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Voices of a New Renaissance, a new professional vocal group of twelve singers led by Nathan Leaf, presented a concert of choral and solo works entitled "Love and Loss: Human Emotion Put to Voice" at Christ Episcopal Church, Raleigh. A large audience was on hand to hear and support the group.
Many of the twelve singers are experienced soloists; of the soloists featured in this program, soprano Kathryn Mueller and tenor Dana Wilson made the strongest impressions. Mueller's sparkling vocal pirouettes enlivened Henry Purcell's song of seduction, "Sweeter than Roses," while Wilson's clear diction and bright sound were equally successful in the same composer's rondo from The Indian Queen, "I attempt from love's sickness to fly." Wilson and harpsichordist Jennifer Streeter even overcame the competition from an emergency-vehicle siren which penetrated the church's stone walls midway through the song. Mezzo-soprano Jennifer Grum Seiger gave a convincingly "high dudgeon" impression of an abandoned lover in "Quoi! rien ne peut vous arrêter?," by the evening's only Baroque composer, Marc-Antoine Charpentier.
The bulk of the program, however, consisted of Renaissance choral music, both sacred and secular. While most of the composers were English (Tallis, Tomkins, and Weekes, each a "Thomas"; and John Wilbye), the seminal Josquin's famous "Mille regrets" was heard, as was Pierre Passereau's "Il est bel et bon." The major work was Claudio Monteverdi's "Lagrime d'amante al sepolcro dell'amata" ("A lover's tears at the grave of his beloved"), a seven-sectioned work in the curious poetic form of the sestina.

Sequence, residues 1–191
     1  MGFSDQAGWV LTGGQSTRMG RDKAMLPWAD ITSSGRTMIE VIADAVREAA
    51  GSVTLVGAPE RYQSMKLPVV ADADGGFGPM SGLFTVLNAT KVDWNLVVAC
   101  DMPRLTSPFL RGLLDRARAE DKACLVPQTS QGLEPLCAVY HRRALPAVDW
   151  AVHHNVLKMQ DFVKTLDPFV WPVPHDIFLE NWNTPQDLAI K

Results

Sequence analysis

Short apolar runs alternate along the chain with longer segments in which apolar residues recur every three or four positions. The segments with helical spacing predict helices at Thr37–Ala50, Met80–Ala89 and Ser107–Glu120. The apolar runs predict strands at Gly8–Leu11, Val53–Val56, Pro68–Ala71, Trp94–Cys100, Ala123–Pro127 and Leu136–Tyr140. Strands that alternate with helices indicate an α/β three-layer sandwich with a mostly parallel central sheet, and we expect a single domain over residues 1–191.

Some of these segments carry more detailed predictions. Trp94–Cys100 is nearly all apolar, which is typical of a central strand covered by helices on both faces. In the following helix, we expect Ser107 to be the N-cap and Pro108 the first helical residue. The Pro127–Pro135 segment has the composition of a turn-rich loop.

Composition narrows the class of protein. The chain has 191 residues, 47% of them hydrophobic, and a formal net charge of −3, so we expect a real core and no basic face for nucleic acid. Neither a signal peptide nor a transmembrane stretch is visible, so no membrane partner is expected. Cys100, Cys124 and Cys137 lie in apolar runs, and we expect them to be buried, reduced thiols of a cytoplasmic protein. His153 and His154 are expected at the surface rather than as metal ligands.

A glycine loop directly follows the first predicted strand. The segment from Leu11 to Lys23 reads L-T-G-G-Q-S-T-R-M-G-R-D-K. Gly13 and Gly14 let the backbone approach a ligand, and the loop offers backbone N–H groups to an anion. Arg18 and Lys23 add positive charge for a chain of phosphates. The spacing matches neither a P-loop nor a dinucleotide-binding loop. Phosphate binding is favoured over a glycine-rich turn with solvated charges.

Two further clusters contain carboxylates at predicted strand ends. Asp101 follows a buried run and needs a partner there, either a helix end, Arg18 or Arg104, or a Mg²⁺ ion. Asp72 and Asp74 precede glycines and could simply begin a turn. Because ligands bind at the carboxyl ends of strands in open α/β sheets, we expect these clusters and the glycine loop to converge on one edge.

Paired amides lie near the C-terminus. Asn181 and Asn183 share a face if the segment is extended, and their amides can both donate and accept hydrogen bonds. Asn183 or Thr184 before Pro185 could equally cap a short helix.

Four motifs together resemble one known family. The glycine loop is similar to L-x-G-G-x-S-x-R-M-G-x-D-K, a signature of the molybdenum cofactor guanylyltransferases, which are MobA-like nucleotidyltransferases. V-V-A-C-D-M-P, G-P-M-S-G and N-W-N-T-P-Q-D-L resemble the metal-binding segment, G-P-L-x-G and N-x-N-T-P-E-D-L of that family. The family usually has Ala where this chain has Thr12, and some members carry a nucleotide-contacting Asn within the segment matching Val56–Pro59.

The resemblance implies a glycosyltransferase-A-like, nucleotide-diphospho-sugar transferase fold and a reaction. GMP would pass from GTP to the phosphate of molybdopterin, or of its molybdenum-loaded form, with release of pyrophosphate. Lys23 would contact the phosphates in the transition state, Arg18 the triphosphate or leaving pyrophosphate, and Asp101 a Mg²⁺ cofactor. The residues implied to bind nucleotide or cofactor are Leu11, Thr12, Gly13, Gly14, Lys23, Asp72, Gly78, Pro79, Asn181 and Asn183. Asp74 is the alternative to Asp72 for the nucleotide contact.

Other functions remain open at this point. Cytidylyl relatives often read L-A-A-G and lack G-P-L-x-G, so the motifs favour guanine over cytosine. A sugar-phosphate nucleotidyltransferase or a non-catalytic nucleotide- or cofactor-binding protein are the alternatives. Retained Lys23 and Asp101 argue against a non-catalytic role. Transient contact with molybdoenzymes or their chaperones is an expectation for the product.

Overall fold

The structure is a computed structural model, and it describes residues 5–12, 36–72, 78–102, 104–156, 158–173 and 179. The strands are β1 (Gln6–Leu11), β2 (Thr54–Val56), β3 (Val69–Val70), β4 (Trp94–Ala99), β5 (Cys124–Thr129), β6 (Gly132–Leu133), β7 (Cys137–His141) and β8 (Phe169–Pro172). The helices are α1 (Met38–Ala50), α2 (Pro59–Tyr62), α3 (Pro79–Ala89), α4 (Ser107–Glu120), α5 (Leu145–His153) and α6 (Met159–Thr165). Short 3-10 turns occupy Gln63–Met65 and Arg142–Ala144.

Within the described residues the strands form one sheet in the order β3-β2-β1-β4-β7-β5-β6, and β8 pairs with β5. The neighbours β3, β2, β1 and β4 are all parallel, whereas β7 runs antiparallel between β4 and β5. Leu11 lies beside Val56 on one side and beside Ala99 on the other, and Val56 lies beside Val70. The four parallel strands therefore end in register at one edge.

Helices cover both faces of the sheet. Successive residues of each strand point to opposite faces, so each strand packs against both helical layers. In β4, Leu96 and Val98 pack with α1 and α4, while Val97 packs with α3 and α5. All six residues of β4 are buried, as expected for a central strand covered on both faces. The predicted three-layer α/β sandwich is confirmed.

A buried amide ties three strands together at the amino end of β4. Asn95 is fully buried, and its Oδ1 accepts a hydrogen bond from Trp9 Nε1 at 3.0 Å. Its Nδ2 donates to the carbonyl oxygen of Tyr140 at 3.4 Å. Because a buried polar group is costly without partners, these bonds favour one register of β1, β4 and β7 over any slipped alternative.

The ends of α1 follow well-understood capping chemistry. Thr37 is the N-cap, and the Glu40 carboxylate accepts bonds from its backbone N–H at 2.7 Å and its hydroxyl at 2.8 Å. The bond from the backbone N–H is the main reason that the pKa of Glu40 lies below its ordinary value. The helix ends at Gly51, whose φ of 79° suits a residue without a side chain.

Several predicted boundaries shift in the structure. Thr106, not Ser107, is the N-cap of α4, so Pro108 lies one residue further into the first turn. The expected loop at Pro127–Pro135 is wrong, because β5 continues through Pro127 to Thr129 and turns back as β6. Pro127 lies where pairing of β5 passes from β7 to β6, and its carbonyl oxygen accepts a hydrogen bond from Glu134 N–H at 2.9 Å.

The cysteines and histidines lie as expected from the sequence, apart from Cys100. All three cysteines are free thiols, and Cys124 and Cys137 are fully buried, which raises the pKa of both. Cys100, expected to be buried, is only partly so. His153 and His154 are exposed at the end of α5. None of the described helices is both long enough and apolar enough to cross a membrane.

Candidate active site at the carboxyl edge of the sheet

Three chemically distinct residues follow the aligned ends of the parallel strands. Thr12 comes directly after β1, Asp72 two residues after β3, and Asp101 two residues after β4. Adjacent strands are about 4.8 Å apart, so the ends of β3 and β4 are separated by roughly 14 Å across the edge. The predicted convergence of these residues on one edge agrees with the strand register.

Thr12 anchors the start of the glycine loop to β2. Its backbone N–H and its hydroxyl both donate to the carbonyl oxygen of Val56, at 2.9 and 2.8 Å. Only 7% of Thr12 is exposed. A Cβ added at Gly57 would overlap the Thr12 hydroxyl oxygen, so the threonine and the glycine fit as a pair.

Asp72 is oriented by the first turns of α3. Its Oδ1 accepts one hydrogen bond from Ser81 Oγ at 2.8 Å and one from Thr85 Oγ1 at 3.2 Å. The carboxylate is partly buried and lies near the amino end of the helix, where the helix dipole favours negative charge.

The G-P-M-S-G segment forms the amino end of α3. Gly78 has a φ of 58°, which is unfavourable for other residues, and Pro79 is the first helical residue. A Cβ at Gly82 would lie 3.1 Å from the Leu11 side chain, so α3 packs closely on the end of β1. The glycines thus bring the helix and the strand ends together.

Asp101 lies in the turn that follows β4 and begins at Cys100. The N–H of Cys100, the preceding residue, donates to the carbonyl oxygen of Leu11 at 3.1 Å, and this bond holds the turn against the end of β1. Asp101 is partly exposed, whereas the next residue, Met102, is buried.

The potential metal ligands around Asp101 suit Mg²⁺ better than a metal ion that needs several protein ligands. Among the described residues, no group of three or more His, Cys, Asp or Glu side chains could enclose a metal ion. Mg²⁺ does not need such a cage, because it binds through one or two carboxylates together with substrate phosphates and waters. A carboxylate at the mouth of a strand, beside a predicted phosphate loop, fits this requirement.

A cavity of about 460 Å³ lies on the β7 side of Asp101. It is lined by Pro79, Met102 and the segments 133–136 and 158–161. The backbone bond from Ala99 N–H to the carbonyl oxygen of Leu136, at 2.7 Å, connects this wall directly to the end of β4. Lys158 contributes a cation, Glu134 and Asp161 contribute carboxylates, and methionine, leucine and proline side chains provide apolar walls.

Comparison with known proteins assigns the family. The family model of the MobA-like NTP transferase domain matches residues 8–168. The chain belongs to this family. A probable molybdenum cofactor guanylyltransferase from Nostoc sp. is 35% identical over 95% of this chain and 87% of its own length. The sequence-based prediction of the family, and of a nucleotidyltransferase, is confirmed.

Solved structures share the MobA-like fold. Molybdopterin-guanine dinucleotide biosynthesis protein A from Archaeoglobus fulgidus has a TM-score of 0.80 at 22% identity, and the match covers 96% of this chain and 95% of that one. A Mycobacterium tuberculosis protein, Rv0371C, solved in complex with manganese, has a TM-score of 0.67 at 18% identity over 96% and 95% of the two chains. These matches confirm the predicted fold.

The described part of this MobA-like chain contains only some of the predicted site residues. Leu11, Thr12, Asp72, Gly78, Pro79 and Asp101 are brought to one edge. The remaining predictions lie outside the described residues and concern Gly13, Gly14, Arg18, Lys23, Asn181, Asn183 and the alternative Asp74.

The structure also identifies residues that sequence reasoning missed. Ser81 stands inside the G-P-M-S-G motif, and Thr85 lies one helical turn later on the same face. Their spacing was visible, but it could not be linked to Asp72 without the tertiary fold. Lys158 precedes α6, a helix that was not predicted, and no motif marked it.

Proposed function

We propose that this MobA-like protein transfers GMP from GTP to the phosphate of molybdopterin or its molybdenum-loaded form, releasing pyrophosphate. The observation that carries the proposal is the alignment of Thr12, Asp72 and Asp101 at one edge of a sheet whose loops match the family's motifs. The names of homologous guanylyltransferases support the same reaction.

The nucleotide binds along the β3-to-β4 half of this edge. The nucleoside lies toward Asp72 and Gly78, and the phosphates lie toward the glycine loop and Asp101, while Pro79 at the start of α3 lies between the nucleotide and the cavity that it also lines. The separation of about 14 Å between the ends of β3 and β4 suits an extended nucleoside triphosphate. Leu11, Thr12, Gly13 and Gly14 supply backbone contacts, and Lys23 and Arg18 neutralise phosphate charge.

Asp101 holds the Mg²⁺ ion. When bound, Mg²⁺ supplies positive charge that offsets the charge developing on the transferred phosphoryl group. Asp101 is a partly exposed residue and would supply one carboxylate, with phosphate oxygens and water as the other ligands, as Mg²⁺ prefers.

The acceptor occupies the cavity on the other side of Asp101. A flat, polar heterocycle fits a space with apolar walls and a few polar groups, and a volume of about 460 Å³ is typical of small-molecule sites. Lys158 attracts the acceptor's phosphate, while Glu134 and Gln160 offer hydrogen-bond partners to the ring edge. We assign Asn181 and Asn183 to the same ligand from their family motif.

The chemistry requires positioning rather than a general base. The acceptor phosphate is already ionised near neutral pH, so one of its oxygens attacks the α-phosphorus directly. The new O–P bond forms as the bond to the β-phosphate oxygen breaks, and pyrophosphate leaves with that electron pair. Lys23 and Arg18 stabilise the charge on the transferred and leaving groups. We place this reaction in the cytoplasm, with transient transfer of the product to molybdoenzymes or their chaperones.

While there were moments of lovely choral singing, especially in the quiet passages which ended the second and fourth sections of the Monteverdi work, the program as a whole suffered from problems with intonation. Singers who are used to singing with keyboard accompaniment (where every interval except the octave is purposely out-of-tune) often find it difficult to switch gears in order to sing a cappella music, which calls for pure thirds and fifths. VOANR's bass section (Lewis Moore, DeMar Austin Neal IV, and Lawrence Speakman) provided a solid base (pun intended) on which to build the tonal structure, but there were varying ideas among the tenors, altos, and sopranos as to exactly where to find those elusive pure thirds and fifths. The sopranos' sound was clear; but their collective vibrato, although not out of place for this genre of music, seemed most often to have the desired pitch at its top, rather than at its center.
The program ended with the evening's only "fa-la-la"-refrained madrigal, Weelkes' "Hark all ye lovely saints." It was good to hear this work, only the second on the program to have a lively tempo, as the finale, the other choral works all sharing a sameness of mood and motion.
The program will be repeated at St. Stephen's Episcopal Church in Durham on Saturday, February 1. For details, see the sidebar.